I visited the site with Council’s arborist this morning and he confirms the original assessments as it being in good health. It’s health in fact is typical of the species and its age. He and the independent arborist that carried out specific tests on the tree I reported in my last blog both conclude that we do have some management issues going forward to protect this lovely tree.

The Port Jackson (as we should get used to calling it) is a significant tree. So much so it is included in Council’s Development Plan Significant Tree Register. This provides it some pretty basic protections.

The specialised inspection has revealed that while in good general health it has been compromised. Foliage colour, size and density are all normal and there are no signs of pests or disease within the crown.

The limb failure has been diagnosed as the result of fungal degeneration and there is more present. These failures have resulted in a large void and altered wind dynamic. The trees overall integrity is not compromised but it has been assessed as there being a moderate risk of further limb failure particularly before regrowth stabilises the tree long term. I have had the regrowth pointed out to me.

Thankfully the risk has not been diagnosed as high as this would probably see a recommendation for its removal. Having said that a medium risk is sufficient for us to take action to minimise risk to all those who use Goodwood Oval and in particular the kids who climb the tree.

Pruning options are limited so we are likely to consider repositioning the permanent seats and the bar b que to another area. This will challenge us as any repositioning of this facility will require shade. Our arborist and I discussed some options but we will need to give this some more thought before going out for your thoughts and opinions.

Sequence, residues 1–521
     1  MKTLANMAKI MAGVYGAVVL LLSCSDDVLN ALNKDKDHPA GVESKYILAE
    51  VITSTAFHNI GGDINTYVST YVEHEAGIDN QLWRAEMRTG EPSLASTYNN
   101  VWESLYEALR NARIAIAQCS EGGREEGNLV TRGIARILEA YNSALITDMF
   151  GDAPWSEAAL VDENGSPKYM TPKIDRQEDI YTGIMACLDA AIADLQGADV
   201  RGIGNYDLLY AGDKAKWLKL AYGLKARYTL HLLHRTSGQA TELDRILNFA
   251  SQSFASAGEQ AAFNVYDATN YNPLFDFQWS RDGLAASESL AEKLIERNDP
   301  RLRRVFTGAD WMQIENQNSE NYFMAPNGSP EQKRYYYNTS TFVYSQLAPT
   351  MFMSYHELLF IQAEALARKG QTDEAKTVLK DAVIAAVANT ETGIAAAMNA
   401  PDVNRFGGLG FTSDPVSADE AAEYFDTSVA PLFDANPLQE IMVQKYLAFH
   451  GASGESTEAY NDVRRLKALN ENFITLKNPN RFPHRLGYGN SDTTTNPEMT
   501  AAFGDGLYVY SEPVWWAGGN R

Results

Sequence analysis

Spirit of Anzac Centenary

Today was the opening of the Spirit of Anzac Centenary at the Wayville Showgrounds and I was privileged to be an invited guest.




It was an emotional Spirit of Anzac ride to be sure as I went from scene to scene and narration to narration of what is known as the Great War- World War 1. It was a visual, audio presentation with opportunities to have further information emailed to you. This all courtesy of an iPod made available on arrival.

Walking through the presentation left me with a myriad of feelings. An overwhelming sense of the drama of the day, the confusion of the day, the anguish of the day, the sense of patriotism, the sense of betrayal but more to the point the futility of war. I am so blessed and thankful that God has spared me from experiencing such atrocity and I pray for those who have.

The waste of human life from war can only have you ask  Why? The loss of life in this war leaves all other wars in it’s wake. The loss of Australian life totalled 61, 514. And that from a country half way round the world with a population of only some 5 million.

Hungary lost 1.2 million, Germany and Russia 2.0 million each.

I saw over a small period of time country after country waging war against each other with no pattern. I saw the horrendous mistakes made by military leaders. I saw the proliferation of new weapons of mass destruction. I saw men living in horrendous conditions where if a bullet did not get you a disease most certainly would.

Also apparent we clearly as humankind have not learnt our lesson. We were reminded of wars that Australia rallied to for the free world in Korea, Vietnam, two Iraq wars and currently Afghanistan. Of course there was also World War II, bought to us courtesy of a German Soldier who survived this war.

I urge everyone to take the time to visit this exhibition but you will have to hurry. Open today this free exhibition already has received 29,000 bookings of a  possible 35,000 and closes on the 20th March.

As Corporal R. Morgan prayed on 11 November 1918 … Please God…the sacrifices have not been in vain. I truly hope and pray we are close to having learnt the lesson. Exhibitions such as this surely will help.